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Old 05-30-2014, 08:55 PM View Post #3 (Link)
AdrenalinJunkie (Offline)
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I think the main thing I learnt about description on here is the whole thing about not using useless adjectives and adverbs. Like if you describe roses, "the lovely roses" isn't adding anything you didn't already know because roses are generally lovely. Or "she asked curiously", which is plain awful. Man, I used to write that all the time. Eurgh.

Totally agree with most of the stuff you're saying here, apart from that
"The sheer size of Lochingham Castle caught Tushar off guard when he first rounded the woody bend, rendering him a gaping idiot to his surrounding elderly friends. When he finally got to studying the minor attributes of the great stone fortress, he realized with a jolt that the gonfalon heralding the castle's owner was not his own; rather, hanging over the portcullis was the sable lion rampant of his uncle, Tushar's sworn enemy."
is rather to studded with adjectives for my taste. Seriously, what is "surrounding elderly friends" doing here? But anyways.
Originally Posted by Spiders View Post
paintings are static, and a sure sign of amateur writing is when things aren't moving.
I think Hunter's more saying it's like watching someone paint, instead of looking at a completed painting. I kind of like this description because when I just think of descriptive writing as describing events, my writing tends to lose focus and any kind of magic, whereas if you're painting a picture, you're focusing on the art of writing instead of the plot, which is good because it's description, not major plot turner. Or something.
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Old 05-31-2014, 06:00 PM View Post #4 (Link)
Spiders (Offline)
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I kind of like this description because when I just think of descriptive writing as describing events, my writing tends to lose focus and any kind of magic, whereas if you're painting a picture, you're focusing on the art of writing instead of the plot, which is good because it's description, not major plot turner. Or something.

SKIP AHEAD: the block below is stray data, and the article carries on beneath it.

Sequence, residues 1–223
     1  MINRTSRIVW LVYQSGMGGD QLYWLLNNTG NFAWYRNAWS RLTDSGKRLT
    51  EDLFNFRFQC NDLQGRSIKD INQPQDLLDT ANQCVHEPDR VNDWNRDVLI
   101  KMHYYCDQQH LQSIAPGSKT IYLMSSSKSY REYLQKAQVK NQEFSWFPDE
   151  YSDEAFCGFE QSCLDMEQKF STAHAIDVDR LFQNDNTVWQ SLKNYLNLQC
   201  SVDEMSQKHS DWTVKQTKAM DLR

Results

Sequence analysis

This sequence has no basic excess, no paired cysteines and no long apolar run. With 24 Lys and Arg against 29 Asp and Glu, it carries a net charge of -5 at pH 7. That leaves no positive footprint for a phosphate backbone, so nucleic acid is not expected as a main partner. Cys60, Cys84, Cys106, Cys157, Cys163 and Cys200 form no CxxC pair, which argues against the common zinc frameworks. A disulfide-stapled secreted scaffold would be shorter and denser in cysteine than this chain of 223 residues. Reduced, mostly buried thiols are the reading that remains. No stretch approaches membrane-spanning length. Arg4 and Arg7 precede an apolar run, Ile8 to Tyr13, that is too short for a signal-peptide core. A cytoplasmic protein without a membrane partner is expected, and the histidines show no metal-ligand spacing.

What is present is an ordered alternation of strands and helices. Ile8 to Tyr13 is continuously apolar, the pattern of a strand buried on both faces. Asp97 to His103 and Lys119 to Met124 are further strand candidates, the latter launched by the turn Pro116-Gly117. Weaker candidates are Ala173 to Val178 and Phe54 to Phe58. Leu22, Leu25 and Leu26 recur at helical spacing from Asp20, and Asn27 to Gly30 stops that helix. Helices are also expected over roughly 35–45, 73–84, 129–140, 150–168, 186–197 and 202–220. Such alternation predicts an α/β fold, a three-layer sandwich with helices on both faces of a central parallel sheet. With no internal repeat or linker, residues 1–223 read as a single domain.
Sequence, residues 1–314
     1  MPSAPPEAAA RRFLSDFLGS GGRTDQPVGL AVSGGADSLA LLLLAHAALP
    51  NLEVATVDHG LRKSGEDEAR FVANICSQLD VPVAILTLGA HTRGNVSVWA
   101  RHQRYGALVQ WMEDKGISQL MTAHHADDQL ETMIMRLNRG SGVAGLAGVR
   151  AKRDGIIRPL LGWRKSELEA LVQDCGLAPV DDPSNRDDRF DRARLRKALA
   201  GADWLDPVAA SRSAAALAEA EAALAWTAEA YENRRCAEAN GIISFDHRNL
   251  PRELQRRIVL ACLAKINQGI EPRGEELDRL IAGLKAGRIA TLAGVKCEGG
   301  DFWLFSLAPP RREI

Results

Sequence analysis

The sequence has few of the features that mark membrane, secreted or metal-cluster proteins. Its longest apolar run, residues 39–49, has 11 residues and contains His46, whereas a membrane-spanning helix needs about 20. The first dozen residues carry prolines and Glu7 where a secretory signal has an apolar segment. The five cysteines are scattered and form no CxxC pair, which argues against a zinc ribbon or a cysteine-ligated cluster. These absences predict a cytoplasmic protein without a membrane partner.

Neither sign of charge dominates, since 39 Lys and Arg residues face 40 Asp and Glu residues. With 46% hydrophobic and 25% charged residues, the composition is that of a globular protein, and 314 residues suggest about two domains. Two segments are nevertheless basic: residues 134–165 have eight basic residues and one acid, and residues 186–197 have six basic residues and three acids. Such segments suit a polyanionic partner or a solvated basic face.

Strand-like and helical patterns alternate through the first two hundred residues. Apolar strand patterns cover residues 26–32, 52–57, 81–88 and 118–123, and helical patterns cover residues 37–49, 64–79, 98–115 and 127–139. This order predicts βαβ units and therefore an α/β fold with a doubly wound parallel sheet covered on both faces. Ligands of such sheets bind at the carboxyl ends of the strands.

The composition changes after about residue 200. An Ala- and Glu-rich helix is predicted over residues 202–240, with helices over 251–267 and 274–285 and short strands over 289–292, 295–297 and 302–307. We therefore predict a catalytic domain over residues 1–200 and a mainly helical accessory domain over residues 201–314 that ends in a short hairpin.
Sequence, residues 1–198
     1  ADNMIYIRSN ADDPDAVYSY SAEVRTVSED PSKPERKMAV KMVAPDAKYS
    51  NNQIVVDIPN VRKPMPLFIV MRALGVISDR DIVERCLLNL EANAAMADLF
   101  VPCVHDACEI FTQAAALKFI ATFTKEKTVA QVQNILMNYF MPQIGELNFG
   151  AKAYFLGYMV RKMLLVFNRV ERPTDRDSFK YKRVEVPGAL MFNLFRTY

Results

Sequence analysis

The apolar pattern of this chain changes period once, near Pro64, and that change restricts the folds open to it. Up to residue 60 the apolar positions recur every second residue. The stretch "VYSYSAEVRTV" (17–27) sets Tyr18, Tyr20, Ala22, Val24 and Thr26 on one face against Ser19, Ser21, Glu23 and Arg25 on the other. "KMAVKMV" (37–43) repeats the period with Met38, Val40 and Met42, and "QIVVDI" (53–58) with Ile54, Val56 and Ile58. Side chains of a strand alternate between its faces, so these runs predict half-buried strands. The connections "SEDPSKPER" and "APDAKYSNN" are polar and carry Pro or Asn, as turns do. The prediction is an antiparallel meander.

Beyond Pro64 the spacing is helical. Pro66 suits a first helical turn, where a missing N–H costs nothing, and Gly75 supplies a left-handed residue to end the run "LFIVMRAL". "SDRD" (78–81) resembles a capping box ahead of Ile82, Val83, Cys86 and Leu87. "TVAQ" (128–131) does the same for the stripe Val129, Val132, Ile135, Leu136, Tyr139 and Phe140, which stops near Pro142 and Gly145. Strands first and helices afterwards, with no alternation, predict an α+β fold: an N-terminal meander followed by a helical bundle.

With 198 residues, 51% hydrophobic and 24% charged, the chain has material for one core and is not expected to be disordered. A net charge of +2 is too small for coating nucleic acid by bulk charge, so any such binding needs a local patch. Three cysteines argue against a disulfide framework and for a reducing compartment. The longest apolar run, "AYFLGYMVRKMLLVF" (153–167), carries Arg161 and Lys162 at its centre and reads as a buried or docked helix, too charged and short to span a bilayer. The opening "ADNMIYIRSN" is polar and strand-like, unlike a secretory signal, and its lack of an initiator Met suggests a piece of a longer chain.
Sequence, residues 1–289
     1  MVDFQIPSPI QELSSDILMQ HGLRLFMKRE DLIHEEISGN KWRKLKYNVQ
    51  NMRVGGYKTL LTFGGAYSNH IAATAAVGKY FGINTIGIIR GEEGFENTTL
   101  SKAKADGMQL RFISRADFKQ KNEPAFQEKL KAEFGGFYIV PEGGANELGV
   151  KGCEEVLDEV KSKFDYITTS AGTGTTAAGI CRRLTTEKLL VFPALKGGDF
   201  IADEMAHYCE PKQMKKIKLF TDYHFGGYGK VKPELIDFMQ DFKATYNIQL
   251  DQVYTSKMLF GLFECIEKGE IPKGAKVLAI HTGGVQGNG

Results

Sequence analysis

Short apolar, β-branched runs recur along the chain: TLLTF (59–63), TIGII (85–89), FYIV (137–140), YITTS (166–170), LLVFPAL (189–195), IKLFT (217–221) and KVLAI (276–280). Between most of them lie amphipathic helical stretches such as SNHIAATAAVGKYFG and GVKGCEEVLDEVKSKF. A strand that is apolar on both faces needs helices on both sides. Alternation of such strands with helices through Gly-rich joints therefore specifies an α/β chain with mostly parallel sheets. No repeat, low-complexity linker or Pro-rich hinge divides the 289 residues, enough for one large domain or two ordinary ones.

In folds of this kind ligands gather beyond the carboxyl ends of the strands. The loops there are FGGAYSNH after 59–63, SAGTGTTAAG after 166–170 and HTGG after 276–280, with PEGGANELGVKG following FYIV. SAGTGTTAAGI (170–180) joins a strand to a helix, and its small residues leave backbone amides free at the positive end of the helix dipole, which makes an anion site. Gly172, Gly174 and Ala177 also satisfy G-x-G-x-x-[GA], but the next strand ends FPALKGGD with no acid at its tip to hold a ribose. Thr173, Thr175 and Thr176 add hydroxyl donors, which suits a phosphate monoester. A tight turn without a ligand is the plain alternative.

I'm the opposite; if you think of style rather than substance when drafting, you may end up crafting a hollow shell. If you don't think of the plot, you can lose the plot and the focus of the story altogether. That's why so many adjectives and adverbs become obsolete; they don't actually move the story forward, and their contribution to it is not enough to permit them to slow the story down.

The 'art of writing' happens even if you don't want it to, and can be focused on beyond the first draft. But when you're telling the story, the most important thing is always the story.
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Old 06-01-2014, 08:24 PM View Post #5 (Link)
Demon Hunter (Offline)
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Go for it. I like Adrenaline Junkie's reply most, just because he has calvin and hobbs for his avatar. i literally had like 8 minutes to revisit ywo and write something, so you cant expect a pro's job. But i know Spiders has a good head on his shoulders, so if you have the time to actually understand what he says, go for it.
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"There are billions of normal people in the world... we don't need one more." - Joshua Lenz.

I will crit upon request, but... Acknowledge: Though my punches may be soft, i will not pull any.


Professional Artist. Musician. Singer. Downhiller. Magician. No, I'm not a grown up yet, but I would give it all to be able to write the way I want to.

A Quick Reality Check
How to write Cliche Fantasy
ELEMENTAL: Characters.